While large numbers of foreign travellers use long-distance buses, very few use local buses as a means of getting around Cuba. The almost complete lack of information at bus stops, absence of timetables and overcrowding are more than enough to persuade most visitors to stay well away. However, as most journeys cost less than half a national peso, you may be tempted to try your luck.
The only written information you will find at a bus stop is the numbers of the buses that stop there (and sometimes not even that). The front of the bus will tell you its final destination, but for any more detail you’ll have to ask. Once you know which bus you want, you need to mark your place in the queue, which may not even appear to exist. The unwritten rule is to ask aloud who the last person is. So, for example, to queue for bus #232 you should shout “¿Ultima persona para la 232?” When the bus finally pulls up, make sure you have, within a peso, the right change for the flat fee.
Supplementing the bus system are large numbers of converted trucks – camiones – which tend to run along relatively short routes between towns and within provinces. Aimed squarely at Cubans, they are nevertheless an official part of the public transport system. Note that not all drivers will allow non-Cubans on board.
Taxis are one of the most popular expressions of private enterprise in Cuba and it sometimes seems that merely owning a car qualifies a Cuban as a taxi driver. There are plenty of state-run and even greater numbers of privately owned taxis. The latter is broadly divided into those licensed to charge in national pesos and those licensed to charge in convertible pesos. However, there are no visible characteristics to distinguish between the two – neither have meters. Almost all the American classics in Cuba, popularly referred to as almendrones, or sometimes maquinas, are used as taxis or by tour agencies in a similar capacity. If you’re working out how to travel around Cuba, taxis – especially shared ones – are an efficient and cost-effective way.
Communal taxis, or taxis colectivos, taxis operating within towns and cities, are more like bus services than regular taxis. They are usually privately owned vehicles, though there are some state-run colectivos, and generally they run along specific routes. There is no official mark or sign used to distinguish a taxi colectivo from the other kinds of taxi, or the route which it is operating along. But they are almost always classic American cars, whose larger capacities are ideally suited to this kind of service. If you see an old American car packed with passengers, it’s most likely a colectivo. To catch a ride and find out where it’s going you’ll need to flag it down – destinations are not displayed. There are fixed fares for most routes, usually, but in Havana drivers charge double for some journeys. You may find it hard to flag down a colectivo if you’re carrying a lot of luggage as drivers want to pack their cars with people, not suitcases.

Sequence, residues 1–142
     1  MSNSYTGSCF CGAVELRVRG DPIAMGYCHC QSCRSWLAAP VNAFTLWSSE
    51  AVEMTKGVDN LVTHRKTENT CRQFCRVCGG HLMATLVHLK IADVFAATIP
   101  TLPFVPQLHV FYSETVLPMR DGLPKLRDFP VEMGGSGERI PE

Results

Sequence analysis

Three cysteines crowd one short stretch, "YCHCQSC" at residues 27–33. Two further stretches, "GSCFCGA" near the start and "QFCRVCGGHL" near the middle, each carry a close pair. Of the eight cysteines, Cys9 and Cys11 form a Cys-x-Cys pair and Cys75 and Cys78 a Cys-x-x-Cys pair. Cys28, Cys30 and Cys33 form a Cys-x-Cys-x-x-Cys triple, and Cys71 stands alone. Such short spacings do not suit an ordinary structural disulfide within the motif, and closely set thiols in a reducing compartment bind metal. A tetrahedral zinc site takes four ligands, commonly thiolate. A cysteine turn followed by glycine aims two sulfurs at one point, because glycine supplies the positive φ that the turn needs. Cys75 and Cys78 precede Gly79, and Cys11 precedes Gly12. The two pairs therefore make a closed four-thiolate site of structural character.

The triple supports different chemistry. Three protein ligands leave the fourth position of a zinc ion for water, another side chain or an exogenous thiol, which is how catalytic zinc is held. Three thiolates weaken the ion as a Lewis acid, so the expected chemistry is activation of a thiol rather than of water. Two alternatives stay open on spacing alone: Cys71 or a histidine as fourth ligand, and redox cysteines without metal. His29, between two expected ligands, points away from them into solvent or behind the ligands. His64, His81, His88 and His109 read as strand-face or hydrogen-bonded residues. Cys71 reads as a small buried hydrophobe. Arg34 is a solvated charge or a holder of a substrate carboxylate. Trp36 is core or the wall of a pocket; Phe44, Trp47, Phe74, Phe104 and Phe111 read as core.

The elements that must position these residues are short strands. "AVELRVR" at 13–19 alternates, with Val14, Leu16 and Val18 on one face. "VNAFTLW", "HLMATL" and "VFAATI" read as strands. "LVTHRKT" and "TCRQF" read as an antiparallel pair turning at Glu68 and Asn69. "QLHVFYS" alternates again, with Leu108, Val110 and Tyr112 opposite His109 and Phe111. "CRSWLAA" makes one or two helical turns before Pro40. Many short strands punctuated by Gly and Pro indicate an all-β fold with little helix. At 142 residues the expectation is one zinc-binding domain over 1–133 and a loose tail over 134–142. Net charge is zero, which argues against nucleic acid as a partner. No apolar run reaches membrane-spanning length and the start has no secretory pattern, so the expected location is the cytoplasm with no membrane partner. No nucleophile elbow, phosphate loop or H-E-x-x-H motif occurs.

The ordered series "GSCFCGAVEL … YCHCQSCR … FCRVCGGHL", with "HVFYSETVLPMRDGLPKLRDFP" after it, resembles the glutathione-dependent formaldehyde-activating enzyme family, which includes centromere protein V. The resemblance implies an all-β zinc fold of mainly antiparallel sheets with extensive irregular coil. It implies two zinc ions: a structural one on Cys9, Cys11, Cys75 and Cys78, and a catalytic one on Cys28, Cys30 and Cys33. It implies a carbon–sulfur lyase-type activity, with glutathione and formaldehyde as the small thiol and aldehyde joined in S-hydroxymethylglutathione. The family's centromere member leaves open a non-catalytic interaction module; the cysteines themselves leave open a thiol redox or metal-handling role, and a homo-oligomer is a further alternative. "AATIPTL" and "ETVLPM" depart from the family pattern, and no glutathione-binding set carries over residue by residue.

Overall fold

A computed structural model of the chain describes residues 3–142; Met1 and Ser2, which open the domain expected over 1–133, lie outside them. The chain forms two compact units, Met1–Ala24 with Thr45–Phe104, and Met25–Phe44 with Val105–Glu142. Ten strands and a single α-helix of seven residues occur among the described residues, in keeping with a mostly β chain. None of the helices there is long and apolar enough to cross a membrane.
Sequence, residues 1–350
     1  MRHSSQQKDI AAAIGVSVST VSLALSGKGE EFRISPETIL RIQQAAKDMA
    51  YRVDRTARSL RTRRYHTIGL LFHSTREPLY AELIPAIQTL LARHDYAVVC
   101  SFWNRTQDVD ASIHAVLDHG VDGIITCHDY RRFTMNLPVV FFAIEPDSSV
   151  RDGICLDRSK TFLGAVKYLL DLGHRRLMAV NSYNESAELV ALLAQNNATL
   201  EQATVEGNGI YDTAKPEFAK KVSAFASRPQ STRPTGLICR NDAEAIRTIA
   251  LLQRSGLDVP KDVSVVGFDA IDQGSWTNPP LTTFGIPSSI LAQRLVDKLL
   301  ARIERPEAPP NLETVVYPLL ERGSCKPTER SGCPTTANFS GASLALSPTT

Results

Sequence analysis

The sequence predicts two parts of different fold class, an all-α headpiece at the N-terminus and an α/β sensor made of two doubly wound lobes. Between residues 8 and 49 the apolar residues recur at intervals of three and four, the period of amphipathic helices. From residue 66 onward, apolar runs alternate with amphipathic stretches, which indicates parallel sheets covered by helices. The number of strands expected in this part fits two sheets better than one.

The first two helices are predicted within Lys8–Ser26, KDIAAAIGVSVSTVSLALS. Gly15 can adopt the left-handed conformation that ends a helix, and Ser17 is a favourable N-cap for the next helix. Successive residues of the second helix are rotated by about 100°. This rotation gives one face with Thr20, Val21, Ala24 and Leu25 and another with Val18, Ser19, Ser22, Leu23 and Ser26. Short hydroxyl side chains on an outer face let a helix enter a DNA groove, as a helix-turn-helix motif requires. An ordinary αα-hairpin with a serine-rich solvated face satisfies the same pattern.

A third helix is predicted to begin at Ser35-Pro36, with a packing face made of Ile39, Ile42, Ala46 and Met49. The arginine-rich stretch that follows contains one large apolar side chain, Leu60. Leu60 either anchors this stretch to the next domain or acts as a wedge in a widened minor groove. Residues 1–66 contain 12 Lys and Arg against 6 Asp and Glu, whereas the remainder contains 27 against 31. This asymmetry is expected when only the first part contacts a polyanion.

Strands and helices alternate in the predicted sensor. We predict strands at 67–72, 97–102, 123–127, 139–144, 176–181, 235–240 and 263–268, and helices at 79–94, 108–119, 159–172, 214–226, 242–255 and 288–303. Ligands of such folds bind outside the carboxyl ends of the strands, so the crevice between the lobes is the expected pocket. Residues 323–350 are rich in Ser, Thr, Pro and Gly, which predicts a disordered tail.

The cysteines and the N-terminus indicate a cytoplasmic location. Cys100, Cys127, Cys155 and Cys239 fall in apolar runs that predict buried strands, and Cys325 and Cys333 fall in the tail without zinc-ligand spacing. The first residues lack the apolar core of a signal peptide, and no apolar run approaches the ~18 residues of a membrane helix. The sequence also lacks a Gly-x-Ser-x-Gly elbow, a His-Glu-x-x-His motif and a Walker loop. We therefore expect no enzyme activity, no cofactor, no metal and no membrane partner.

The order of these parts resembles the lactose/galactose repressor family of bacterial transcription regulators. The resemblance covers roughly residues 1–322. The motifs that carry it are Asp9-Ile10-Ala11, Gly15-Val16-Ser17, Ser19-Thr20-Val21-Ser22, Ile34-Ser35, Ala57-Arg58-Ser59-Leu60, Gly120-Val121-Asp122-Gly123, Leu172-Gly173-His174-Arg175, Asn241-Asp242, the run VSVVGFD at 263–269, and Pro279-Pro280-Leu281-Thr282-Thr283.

Arriving at any Víazul bus station in the country you will be greeted by taxi drivers offering to take you wherever you are going for the same price as the Víazul ticket. Though sometimes you will need to negotiate a little, these offers are usually reliable. This is particularly the case if there are several of you travelling in the same direction. If you’re planning how to get around Cuba, these are often excellent alternatives to the bus. Also, depending on the car, they might well get you to your destination quicker. Make sure you see the car you will be travelling in before you finalize the deal with the driver, as they sometimes park older less reliable models out of sight.
Some long-distance taxis are colectivos and in most towns and cities they also congregate at the bus station. However, if there are separate stations for Víazul buses and the Cubans-only Omnibus Nacionales buses they tend to gather at the latter. In some cities, such as Santa Clara, there are long-distance taxi stations. Drivers tend to wait with their car at the start of their route and shout out their final destination.
Like the local equivalents, most long-distance colectivos operate along fixed routes. This is usually within a province, though there are interprovincial routes too. They charge fixed fares in national pesos.
Though by no means exclusively for tourists, the official metered state taxis that charge in CUC are usually referred to as tourist taxis (or turistaxis). These are often modern Japanese and European cars as opposed to old American or Russian ones. Though most state taxis have a meter, many taxi drivers do not use them, not always for legitimate reasons.
Rates are higher in Varadero and the other beach resorts than in the big cities. There are several other kinds of state-run taxis, many of them Ladas and charging in ordinary national pesos. But they are rarely used by foreign visitors and less likely still to stop for you if you’re obviously not Cuban.
Some classic American cars (almendrones) function as straightforward taxis. These taxis particulares, literally private taxis, when they do function in this way, will always charge in CUC. Whether they are licensed to is often another matter. The type of car used in this way varies more than the colectivos and are as likely to be old Russian and Eastern European cars as American classics. These are the minicabs of Cuba and not necessarily cheaper than state taxis. If you don’t haggle the chances are you’ll end up paying over the odds. The essential thing is that you establish a price before you start your journey.